In an interview immediately following the accident, Zuppardo reported to a police officer that she had been speaking with one of her court reporters, Halkett, about Halkett’s son’s prom and other family related issues.  In their depositions, both Zuppardo and Halkett testified they were good friends and were talking about family matters on the evening of the accident.  It was not within Zuppardo’s job description to call court reporters after hours for work purposes, though on rare occasions she had done so.

           

To establish respondeat superior liability, plaintiff relies heavily on the following piece of evidence:  at her deposition, Zuppardo testified she spoke on her cell phone with Halkett weekly, if not daily.  Zuppardo’s cell phone records, however, showed no calls between her and Halkett’s cell phone for the prior six months, and only one text message.  Plaintiff contends a jury could infer from this that the two did not, in fact, have a close friendship, and that the call concerned work matters, not personal matters.

           

Code of Civil Procedure section 437c, subdivision (e), provides that “summary judgment shall not be denied on grounds of credibility,” with certain exceptions we discuss below, but which we conclude do not apply.  Ultimately, plaintiff has no evidence that Zuppardo was operating within the scope of her employment at the time of the accident.  Plaintiff attacks Zuppardo’s and Halkett’s credibility.  But that is not enough, and thus the court correctly granted summary judgment.

 

http://www.courts.ca.gov/opinions/documents/G054578.PDF

 

Moss Bros. Toy, Inc. v. Ruiz (CA4/2 E067240 9/20/18) Wage & Hour Class Action/Arbitration/Anti-SLAPP

 

Plaintiff and appellant, Moss Bros. Toy, Inc. (MBT), appeals from the order granting defendant and respondent, Ernesto Ruiz’s, anti-SLAPP motion, or special motion to strike MBT’s entire first amended complaint (FAC) against Ruiz.  (§ 425.16, subd. (i).)  The FAC alleges MBT is Ruiz’s former employer and that Ruiz breached two March 2010 arbitration agreements with MBT by failing to submit Ruiz’s employment-related claims against MBT to arbitration, and by instead filing a lawsuit for his employment-related claims against MBT’s agent, Moss Bros. Auto Group, Inc. (MBAG), in San Bernardino County Superior Court case No. CIVDS2107201.  In this appeal, MBT claims the anti-SLAPP motion was erroneously granted because the FAC is not based on protected activity (§ 425.16, subd. (e)), but is instead based on Ruiz’s breach of his March 2010 arbitration agreements with MBT.  MBT also claims it demonstrated a probability of prevailing on its claims alleged in the FAC.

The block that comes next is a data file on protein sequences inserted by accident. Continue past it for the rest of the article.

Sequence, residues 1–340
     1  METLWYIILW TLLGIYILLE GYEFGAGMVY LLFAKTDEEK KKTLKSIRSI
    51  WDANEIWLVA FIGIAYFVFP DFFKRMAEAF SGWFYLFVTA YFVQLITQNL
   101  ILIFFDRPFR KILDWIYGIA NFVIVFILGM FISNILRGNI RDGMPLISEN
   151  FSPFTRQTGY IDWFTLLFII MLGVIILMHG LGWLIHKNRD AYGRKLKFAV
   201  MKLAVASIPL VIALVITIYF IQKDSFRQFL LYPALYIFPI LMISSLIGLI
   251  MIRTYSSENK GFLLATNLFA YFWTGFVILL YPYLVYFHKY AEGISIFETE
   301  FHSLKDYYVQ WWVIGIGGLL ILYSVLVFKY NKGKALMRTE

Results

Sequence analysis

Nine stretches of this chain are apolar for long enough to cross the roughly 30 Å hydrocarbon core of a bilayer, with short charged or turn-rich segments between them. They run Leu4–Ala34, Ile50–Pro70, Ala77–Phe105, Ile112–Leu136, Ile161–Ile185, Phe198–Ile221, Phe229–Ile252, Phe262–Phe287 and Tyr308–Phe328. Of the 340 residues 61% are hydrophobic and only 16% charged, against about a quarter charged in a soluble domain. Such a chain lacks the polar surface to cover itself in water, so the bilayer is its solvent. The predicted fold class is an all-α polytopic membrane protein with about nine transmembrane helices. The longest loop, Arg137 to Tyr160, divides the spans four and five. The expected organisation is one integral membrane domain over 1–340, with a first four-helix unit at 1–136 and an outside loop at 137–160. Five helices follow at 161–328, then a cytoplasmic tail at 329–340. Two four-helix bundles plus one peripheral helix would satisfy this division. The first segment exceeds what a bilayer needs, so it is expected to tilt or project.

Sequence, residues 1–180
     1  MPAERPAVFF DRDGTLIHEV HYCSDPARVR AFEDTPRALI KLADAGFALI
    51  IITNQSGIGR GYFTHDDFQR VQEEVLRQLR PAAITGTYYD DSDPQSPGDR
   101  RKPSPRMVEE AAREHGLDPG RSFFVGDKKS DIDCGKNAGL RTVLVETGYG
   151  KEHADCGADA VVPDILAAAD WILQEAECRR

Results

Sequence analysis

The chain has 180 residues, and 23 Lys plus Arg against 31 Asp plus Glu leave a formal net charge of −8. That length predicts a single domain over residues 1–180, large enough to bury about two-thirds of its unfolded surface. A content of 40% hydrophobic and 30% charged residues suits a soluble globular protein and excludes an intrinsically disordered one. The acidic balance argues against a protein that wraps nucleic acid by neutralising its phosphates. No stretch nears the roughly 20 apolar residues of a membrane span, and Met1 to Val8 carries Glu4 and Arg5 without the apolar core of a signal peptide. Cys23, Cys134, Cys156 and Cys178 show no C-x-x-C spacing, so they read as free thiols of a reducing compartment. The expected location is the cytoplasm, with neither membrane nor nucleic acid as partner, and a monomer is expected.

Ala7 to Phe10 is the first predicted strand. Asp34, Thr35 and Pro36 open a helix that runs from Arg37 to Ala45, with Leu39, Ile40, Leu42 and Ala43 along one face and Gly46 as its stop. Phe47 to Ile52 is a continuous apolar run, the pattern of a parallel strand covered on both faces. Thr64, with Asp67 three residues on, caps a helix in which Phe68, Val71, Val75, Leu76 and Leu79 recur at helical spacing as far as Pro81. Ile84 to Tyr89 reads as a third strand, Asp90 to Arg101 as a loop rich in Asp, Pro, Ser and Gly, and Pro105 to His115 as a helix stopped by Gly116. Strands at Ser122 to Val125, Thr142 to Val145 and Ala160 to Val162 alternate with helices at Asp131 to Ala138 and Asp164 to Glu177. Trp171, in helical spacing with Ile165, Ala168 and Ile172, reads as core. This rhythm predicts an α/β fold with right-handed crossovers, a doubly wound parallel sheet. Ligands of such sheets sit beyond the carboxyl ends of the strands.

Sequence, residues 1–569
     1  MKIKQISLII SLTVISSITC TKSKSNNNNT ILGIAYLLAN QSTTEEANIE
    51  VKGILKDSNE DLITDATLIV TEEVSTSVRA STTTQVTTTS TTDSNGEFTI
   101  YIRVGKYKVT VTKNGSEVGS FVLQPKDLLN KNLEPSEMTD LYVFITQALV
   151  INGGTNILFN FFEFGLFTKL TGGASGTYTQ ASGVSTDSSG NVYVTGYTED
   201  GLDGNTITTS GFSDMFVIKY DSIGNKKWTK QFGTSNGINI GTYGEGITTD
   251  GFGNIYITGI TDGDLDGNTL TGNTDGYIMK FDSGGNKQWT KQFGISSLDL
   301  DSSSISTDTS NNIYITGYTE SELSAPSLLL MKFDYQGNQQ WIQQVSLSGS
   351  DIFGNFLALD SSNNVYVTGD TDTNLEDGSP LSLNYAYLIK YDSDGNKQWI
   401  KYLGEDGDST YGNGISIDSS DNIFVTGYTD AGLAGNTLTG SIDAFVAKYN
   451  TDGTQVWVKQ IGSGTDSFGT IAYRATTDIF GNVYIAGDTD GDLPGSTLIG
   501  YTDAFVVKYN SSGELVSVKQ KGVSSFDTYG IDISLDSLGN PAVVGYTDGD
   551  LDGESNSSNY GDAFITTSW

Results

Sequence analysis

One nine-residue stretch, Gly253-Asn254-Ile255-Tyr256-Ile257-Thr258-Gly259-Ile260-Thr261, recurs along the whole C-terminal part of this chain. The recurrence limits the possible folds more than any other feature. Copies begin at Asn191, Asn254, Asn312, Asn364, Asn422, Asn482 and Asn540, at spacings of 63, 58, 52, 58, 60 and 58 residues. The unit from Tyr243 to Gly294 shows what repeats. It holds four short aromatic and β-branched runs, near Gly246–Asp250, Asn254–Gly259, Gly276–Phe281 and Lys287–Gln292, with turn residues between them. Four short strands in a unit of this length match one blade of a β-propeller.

We affirm the order granting the anti-SLAPP motion.  In the published portion of this opinion, we explain that the entire FAC is based on protected activity, namely, Ruiz’s act of filing his lawsuit against MBAG for his employment-related claims in case No. CIVDS2107201—even though the FAC is also based on Ruiz’s alleged breach of the 2010 arbitration agreements.  In the unpublished portion of this opinion, we explain that MBT failed to demonstrate a probability of prevailing on its claims against Ruiz as alleged in the FAC.

 

http://www.courts.ca.gov/opinions/documents/E067240.PDF

 

Allied Concrete and Supply v. IBT (9th Cir. 16-56546, 17-55343, 17-55503 9/20/18) Prevailing Wage/FAAAA Preemption